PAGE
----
A nation was promised prospects of prosperity and splendor and an estimated 6.9 million voters opted for it, subsequently providing a two-thirds parliamentary majority to implement the vision. Just over two years later, the reality is being experienced by everyone – shortages of everything from cooking gas to powdered milk and hard currency to crude oil and the resulting power outages.
It is not necessary to expose at length the economic, social and social pain that the population is experiencing. It is a daily experience that will speak loudest at the ballot box when the government musters up the courage to face the ballot box, whether it is the delayed local government or provincial council elections. It is a government that is afraid to confront the electorate. Covid-19 is no excuse; we had elections in August 2020 at the height of the first wave and after a long lockdown. We have since been vaccinated, masked and learning to live with a virus, dengue and a shortage of everything.
What is more useful is to study the colossal policy and policy failures of the SLPP/Rajapaksa administration so that perhaps the government can learn from its mistakes and make a course correction and a future SJB administration can avoid the blunders of this government’s current mandate.
Mainstream ethno-religious nationalism has its limits
It was Samuel Johnson who in 1745 is credited with the saying “patriotism is the last refuge of the villain”. Then, as now, Johnson and other political theorists argued that it is very easy to engage in identity politics or ethno-religious nationalism to mask self-interest and ignore sound public policy and prudent governance. Unfortunately for Sri Lanka, post-war administrations from 2010-2014 and 2019 to date have increased the division and polarization of society for political power. In the discourse on the national question of Sri Lanka, there is often the assertion, not without foundation, that the British colonial administration practiced “divide and rule” in Ceylon as well as in other colonies. In reality, we don’t have to go that far back in history to see the divide-and-rule politics in Sri Lanka. But what the 2015 elections demonstrated, and future elections will demonstrate, is that there is a limit to the economic pain and bad governance that a majority in society will tolerate despite the most ethno-religious nationalism. strident and most fiery. Lesson 1: Ardent ethno-religious nationalism is no substitute for sound politics and careful governance.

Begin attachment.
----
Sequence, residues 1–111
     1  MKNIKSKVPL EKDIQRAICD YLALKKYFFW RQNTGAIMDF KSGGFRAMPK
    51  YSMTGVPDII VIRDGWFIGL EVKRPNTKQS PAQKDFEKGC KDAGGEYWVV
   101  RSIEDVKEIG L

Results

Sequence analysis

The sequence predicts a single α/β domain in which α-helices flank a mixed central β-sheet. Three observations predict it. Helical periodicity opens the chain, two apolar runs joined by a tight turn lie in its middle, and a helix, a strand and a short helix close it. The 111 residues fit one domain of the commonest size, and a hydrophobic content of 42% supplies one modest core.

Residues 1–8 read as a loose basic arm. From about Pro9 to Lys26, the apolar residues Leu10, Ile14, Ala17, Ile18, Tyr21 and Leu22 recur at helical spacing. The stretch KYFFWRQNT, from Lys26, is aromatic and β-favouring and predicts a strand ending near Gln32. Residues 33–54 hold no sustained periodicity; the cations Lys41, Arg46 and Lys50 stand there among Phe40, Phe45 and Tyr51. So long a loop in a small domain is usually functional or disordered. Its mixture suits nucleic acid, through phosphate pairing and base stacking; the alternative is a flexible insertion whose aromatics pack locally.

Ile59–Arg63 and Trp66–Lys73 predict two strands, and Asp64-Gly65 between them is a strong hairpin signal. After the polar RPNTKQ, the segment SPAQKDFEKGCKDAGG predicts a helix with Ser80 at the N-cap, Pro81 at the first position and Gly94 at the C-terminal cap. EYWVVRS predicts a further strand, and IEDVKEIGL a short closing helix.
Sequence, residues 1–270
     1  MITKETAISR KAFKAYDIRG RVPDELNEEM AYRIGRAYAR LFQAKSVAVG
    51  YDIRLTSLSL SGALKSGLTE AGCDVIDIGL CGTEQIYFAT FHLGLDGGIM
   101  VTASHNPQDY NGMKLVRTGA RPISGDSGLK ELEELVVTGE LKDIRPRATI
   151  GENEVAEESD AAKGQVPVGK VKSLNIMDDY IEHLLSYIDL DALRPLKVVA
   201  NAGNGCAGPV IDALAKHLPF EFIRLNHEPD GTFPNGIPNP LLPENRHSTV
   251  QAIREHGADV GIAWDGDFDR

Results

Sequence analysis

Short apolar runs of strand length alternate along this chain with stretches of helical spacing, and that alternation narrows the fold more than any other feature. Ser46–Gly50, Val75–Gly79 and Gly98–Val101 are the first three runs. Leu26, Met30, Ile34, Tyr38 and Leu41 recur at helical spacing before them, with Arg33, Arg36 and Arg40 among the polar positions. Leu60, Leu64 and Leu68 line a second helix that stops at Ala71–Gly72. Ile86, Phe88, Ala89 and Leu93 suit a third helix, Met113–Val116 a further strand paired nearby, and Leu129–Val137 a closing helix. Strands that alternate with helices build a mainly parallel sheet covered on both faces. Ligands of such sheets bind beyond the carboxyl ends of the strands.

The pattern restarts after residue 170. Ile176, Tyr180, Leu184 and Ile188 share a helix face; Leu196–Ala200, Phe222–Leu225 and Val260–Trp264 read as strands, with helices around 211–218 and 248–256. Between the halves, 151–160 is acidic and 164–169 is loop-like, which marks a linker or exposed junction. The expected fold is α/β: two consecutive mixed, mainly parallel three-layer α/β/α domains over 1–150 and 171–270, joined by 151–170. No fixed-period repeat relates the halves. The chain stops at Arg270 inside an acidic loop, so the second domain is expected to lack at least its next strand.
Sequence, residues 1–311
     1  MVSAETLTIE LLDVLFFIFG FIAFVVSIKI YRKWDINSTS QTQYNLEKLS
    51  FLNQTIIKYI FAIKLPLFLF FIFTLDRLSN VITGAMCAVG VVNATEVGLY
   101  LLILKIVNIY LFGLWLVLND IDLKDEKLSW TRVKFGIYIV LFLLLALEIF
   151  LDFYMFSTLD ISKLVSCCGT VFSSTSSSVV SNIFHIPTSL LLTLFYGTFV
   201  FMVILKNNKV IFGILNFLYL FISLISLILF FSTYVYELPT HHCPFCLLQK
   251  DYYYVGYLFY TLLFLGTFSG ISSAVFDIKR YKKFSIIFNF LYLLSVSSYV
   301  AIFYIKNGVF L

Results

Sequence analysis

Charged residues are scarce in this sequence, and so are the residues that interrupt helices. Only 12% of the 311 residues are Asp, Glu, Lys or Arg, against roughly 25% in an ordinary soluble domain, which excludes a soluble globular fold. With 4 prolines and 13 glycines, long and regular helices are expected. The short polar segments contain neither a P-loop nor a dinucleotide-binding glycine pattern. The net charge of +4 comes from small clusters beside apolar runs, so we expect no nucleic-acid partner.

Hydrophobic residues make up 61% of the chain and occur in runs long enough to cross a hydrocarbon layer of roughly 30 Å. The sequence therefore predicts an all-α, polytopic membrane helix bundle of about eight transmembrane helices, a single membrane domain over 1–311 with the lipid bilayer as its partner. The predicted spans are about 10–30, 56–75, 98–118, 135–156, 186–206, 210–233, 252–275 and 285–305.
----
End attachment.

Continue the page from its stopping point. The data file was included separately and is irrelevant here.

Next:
The army is not there to run the country
The Sri Lankan military is one of the best in the world and until skepticism sets in about our national human rights enforcement and safeguards, widely desired for peacekeeping roles peacekeeping force as one of the few armies with actual combat experience. However, an army, like any other state institution and structure, has a role and a purpose. To pervert this role and purpose is to do a disservice to society and also to weaken the institution concerned. This administration’s last military mandate became “green agriculture”. The government’s epic failure was to deny farmers and planters non-organic fertilizers overnight. One wonders how light infantry or heavy artillery can be deployed effectively for organic farming. The government has become heavy on presidential task forces, the latest being led by a former inmate, which almost prompted the justice minister to throw in the towel. Democratic governance in Sri Lanka requires, as President Ranasinghe Premadasa has said, “consultation, compromise and consensus”; a process and a skill that the ruling party, the ruling family and the powerful generals and admirals who rule the country seem to have in short supply, if at all. Democratic institutions of governance must be able to function freely, vigorously and independently. This is not the case today. We don’t need Hitler; we need a Mandela. Lesson 2: The army is not an answer to all problems.
Politics, not politics, should guide governance decisions
At the heart of the current economic woes are two key policy decisions by the administration and not a virus named Covid-19 and its mutations. The first, and most negative, decision the government took in December 2019 was to reduce and reverse tax increases that had been painfully introduced by the previous government. This in a country that has an extremely narrow tax base and a very low tax revenue to GDP ratio compared to peer countries. Today we go hat in hand to Bangladesh for exchange and foreign exchange agreements. The failures of the government’s fiscal policy are not only fully visible; its resulting monetary policy implications are now being felt in the pain of daily life as shortages of all imports essential to daily life, from fuel, medicine and cooking gas to basic groceries, increase and continue with no end in sight.
The second policy mistake, made last year, was to ban non-organic fertilizers overnight. The resulting decline in agricultural yields and farmer incomes and rising food prices combine to create serious hardship for rural farmers and urban consumers. Both decisions ignored the advice of economists, policy experts and community leaders. The administration promised a healthy technocracy-driven policy, but we ended up with just the opposite. A small elite, listening to an echo of their own words. Lesson 3: Rome wasn’t built in a day. We don’t need shock therapy which is all shock and no therapy.